The average armadillo measures around 75cm in length, including the tail but the giant armadillo can grow to more than 1.5m long and the miniature pink fairy armadillo (the smallest armadillo species) only gets to around 10cm in length.
There are around 20 species of armadillo still existent on the American continent with the nine-banded armadillo being the only species found outside of the South American tropics.
The armadillo has a hard outer shell and can curl up into a ball leaving no soft body parts exposed to danger (a bit like a woodlouse). The armadillo also has long claws which the armadillo uses for digging burrows and hunting for insects in the earth.
Despite the armadillo\'s odd shape, most armadillos can also reach a top speed of nearly 30 mph so can easily outrun most jungle predators. The primary predators of the armadillo are bears, wolves, wildcats and cougars.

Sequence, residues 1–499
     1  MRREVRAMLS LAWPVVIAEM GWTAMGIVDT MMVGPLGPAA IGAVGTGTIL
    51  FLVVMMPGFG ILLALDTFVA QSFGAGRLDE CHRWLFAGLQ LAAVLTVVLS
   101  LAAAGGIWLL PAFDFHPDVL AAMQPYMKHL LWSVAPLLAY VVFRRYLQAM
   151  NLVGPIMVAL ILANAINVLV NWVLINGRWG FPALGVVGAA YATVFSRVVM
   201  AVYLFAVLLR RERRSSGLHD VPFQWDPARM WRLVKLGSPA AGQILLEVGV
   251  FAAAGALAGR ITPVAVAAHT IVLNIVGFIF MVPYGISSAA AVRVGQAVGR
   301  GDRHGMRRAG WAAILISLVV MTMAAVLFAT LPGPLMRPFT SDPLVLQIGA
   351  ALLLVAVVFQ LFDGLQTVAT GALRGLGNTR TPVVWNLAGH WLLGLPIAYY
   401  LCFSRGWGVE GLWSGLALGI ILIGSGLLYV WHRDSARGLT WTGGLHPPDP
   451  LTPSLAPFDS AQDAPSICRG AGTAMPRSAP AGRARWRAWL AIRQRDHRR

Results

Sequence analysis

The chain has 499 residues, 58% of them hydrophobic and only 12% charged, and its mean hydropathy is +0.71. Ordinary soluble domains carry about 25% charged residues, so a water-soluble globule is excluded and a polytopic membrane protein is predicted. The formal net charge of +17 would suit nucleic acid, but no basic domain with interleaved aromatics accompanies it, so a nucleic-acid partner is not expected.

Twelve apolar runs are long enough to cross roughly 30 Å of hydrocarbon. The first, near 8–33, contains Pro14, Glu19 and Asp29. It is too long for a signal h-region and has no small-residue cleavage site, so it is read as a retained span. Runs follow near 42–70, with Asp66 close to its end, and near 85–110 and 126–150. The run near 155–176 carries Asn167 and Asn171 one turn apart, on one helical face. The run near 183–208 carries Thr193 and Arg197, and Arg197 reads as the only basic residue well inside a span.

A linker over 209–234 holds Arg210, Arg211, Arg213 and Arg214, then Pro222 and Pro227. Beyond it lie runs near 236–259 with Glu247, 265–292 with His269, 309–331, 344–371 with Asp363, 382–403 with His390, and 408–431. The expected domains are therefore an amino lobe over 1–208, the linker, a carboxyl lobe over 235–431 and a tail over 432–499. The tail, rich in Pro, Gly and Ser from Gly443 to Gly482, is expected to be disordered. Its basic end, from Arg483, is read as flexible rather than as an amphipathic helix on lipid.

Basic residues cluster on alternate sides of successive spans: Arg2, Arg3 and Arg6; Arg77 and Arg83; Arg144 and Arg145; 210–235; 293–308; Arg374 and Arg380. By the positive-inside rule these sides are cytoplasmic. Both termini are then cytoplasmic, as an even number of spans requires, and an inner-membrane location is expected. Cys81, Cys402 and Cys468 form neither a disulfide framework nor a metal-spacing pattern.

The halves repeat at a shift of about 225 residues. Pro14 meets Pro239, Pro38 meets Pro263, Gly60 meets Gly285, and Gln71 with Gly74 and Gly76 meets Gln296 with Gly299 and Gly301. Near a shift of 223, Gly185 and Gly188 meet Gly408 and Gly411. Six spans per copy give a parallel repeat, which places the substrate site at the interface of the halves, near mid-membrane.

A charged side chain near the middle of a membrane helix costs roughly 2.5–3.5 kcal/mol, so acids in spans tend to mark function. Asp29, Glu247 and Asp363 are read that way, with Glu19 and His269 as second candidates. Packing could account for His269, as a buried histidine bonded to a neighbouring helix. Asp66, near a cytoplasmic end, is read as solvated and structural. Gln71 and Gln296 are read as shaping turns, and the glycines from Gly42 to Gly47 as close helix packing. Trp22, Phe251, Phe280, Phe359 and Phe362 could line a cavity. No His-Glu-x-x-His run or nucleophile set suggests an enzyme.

The armadillo has very poor vision which makes the armadillo somewhat vulnerable in its jungle environment. The armadillo\'s armour is formed by plates of bone covered in relatively small overlapping scales. The scales of the armadillo are known as scutes and these scutes are made up of bone with a covering of horn.
The armadillo has additional armour that covers the top of its head, the upper parts of the armadillo\'s limbs and the armadillo\'s tail. The underside of the armadillo has no armour, and is simply covered with soft skin and fur, hence it\'s strategy of curling into a ball leaving only the armoured plates exposed.
The armadillo is generally an insectivore meaning that the diet of the armadillo is primarily comprised of insects. Armadillos also snack on other things including worms, spiders, snakes and frogs although the exact diet of the armadillo is very much dependent on the area which it inhabits.
Female armadillos give birth to around four young which are born after a gestation period of three to four months. After birth, the baby armadillos remain in the burrow for a few months, only feeding on their mothers milk. They then begin to forage with the mother, eventually leaving after six months to a year. Some species of armadillo are known to reproduce every year so a single female armadillo can produce up to 56 young over the course of her life.